The main difference between the Gulf War I and the more recent conflicts in the Middle East is that the US and Coalition forces had a defined objective, push Iraq out of Kuwait. When they accomplished that goal the war ended.

People questioned Bush I for leaving Saddam in power, but this was actually a smart move because it retained the balance of power within the Middle East, and it proved that the US would not allow one sovereign nation to violate another sovereign nation's territory.

Saddam was very much weakened by Gulf War I, a leader who remained powerful within his own country, but was largely neutered outside of it.

Unfortunately, Bush II didn't have his father's capacity for seeing the larger picture.

You can also make the case that the US's intervention in the form of arms sales to Israel and the subsequent deal brokering creating the Camp David Accords was positive intervention in the Egypt-Israel War.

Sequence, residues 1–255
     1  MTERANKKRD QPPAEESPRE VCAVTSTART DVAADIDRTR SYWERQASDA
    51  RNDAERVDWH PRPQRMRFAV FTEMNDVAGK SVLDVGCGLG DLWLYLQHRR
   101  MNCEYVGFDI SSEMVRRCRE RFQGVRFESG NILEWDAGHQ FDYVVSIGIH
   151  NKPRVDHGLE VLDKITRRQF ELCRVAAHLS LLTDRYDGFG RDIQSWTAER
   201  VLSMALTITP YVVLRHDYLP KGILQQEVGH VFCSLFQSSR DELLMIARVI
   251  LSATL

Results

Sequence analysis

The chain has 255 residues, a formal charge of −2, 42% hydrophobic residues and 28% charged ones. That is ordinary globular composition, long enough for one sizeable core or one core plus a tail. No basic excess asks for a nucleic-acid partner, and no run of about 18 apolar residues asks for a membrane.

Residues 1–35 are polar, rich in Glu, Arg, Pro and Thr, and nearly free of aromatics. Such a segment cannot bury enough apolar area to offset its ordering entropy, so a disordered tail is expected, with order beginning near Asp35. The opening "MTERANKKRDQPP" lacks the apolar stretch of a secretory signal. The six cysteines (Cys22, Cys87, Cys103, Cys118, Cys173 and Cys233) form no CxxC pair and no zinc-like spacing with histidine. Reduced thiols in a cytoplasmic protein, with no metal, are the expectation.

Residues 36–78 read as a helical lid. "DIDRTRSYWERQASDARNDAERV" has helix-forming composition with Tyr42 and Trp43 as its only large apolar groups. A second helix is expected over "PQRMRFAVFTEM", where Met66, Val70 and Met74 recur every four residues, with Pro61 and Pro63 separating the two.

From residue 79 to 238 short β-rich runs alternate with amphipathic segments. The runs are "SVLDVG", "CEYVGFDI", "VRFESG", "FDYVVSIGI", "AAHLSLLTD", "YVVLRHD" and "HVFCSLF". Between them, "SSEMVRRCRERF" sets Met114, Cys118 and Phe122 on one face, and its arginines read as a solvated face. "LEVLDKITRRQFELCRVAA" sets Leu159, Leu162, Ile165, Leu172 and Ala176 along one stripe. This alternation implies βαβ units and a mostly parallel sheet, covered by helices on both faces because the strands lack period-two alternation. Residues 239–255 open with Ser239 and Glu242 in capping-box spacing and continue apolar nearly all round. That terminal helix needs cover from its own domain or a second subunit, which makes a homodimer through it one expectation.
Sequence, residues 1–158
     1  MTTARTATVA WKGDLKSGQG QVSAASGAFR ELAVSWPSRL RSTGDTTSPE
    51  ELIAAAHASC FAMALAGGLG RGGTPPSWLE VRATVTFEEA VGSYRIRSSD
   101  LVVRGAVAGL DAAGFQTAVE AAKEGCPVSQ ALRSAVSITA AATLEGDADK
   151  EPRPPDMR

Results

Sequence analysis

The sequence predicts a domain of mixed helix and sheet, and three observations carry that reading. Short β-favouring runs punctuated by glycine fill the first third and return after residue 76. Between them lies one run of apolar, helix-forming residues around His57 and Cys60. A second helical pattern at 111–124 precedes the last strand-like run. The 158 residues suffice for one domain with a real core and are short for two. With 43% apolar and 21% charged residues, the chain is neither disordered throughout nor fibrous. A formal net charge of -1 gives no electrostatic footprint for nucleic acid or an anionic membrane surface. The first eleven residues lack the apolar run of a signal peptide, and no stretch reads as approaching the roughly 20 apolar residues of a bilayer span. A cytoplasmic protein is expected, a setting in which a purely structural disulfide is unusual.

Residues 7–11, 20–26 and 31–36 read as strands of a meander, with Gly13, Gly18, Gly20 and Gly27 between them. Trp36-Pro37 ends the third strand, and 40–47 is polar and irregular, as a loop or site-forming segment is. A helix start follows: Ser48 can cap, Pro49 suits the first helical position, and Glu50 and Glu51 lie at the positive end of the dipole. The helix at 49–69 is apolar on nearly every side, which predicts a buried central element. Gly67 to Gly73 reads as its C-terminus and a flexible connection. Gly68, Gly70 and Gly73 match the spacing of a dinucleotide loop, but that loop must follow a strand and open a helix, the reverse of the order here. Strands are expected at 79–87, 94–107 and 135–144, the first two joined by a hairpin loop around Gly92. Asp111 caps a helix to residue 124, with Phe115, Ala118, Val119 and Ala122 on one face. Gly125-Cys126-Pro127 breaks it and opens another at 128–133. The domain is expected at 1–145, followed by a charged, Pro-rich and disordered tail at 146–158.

There are examples, most people are so tainted by the recent failures to be able to look further back than 2003.
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Old 05-21-2019, 06:40 AM   #2921
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Gulf War I is definitely different than the last few decades of "regime change." As you said, they invaded another country, and the world said, "Nah son."

Very different than dropping bombs on say, Libya for example. Which of course was precipitated by Sarkozy. Because who was the largest importer of Libyan oil?
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Old 05-21-2019, 05:51 PM   #2922
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I think we should just stay the f--- out. When has any of our intervention in the ME ever been positive?
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Old 05-29-2019, 11:22 AM   #2923